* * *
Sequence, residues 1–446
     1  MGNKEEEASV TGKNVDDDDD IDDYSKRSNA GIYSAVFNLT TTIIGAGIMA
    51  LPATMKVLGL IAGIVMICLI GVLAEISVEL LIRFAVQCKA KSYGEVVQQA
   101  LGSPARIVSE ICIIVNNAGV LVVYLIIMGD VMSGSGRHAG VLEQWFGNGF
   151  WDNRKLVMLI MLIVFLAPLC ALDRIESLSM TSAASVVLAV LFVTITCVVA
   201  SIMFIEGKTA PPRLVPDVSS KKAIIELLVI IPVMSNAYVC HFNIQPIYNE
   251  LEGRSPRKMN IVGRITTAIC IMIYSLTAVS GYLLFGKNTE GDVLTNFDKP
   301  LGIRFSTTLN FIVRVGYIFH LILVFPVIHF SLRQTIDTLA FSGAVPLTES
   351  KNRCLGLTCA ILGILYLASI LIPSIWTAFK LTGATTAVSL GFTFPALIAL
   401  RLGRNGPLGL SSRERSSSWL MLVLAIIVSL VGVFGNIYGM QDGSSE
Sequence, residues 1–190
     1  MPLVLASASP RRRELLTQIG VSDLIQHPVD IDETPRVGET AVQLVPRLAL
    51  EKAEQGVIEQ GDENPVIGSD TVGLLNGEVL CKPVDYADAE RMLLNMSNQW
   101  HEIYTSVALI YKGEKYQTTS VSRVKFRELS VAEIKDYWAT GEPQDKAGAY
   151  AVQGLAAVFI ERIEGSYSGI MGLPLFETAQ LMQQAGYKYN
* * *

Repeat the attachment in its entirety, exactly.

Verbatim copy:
Sequence, residues 1–446
     1  MGNKEEEASV TGKNVDDDDD IDDYSKRSNA GIYSAVFNLT TTIIGAGIMA
    51  LPATMKVLGL IAGIVMICLI GVLAEISVEL LIRFAVQCKA KSYGEVVQQA
   101  LGSPARIVSE ICIIVNNAGV LVVYLIIMGD VMSGSGRHAG VLEQWFGNGF
   151  WDNRKLVMLI MLIVFLAPLC ALDRIESLSM TSAASVVLAV LFVTITCVVA
   201  SIMFIEGKTA PPRLVPDVSS KKAIIELLVI IPVMSNAYVC HFNIQPIYNE
   251  LEGRSPRKMN IVGRITTAIC IMIYSLTAVS GYLLFGKNTE GDVLTNFDKP
   301  LGIRFSTTLN FIVRVGYIFH LILVFPVIHF SLRQTIDTLA FSGAVPLTES
   351  KNRCLGLTCA ILGILYLASI LIPSIWTAFK LTGATTAVSL GFTFPALIAL
   401  RLGRNGPLGL SSRERSSSWL MLVLAIIVSL VGVFGNIYGM QDGSSE
Sequence, residues 1–190
     1  MPLVLASASP RRRELLTQIG VSDLIQHPVD IDETPRVGET AVQLVPRLAL
    51  EKAEQGVIEQ GDENPVIGSD TVGLLNGEVL CKPVDYADAE RMLLNMSNQW
   101  HEIYTSVALI YKGEKYQTTS VSRVKFRELS VAEIKDYWAT GEPQDKAGAY
   151  AVQGLAAVFI ERIEGSYSGI MGLPLFETAQ LMQQAGYKYN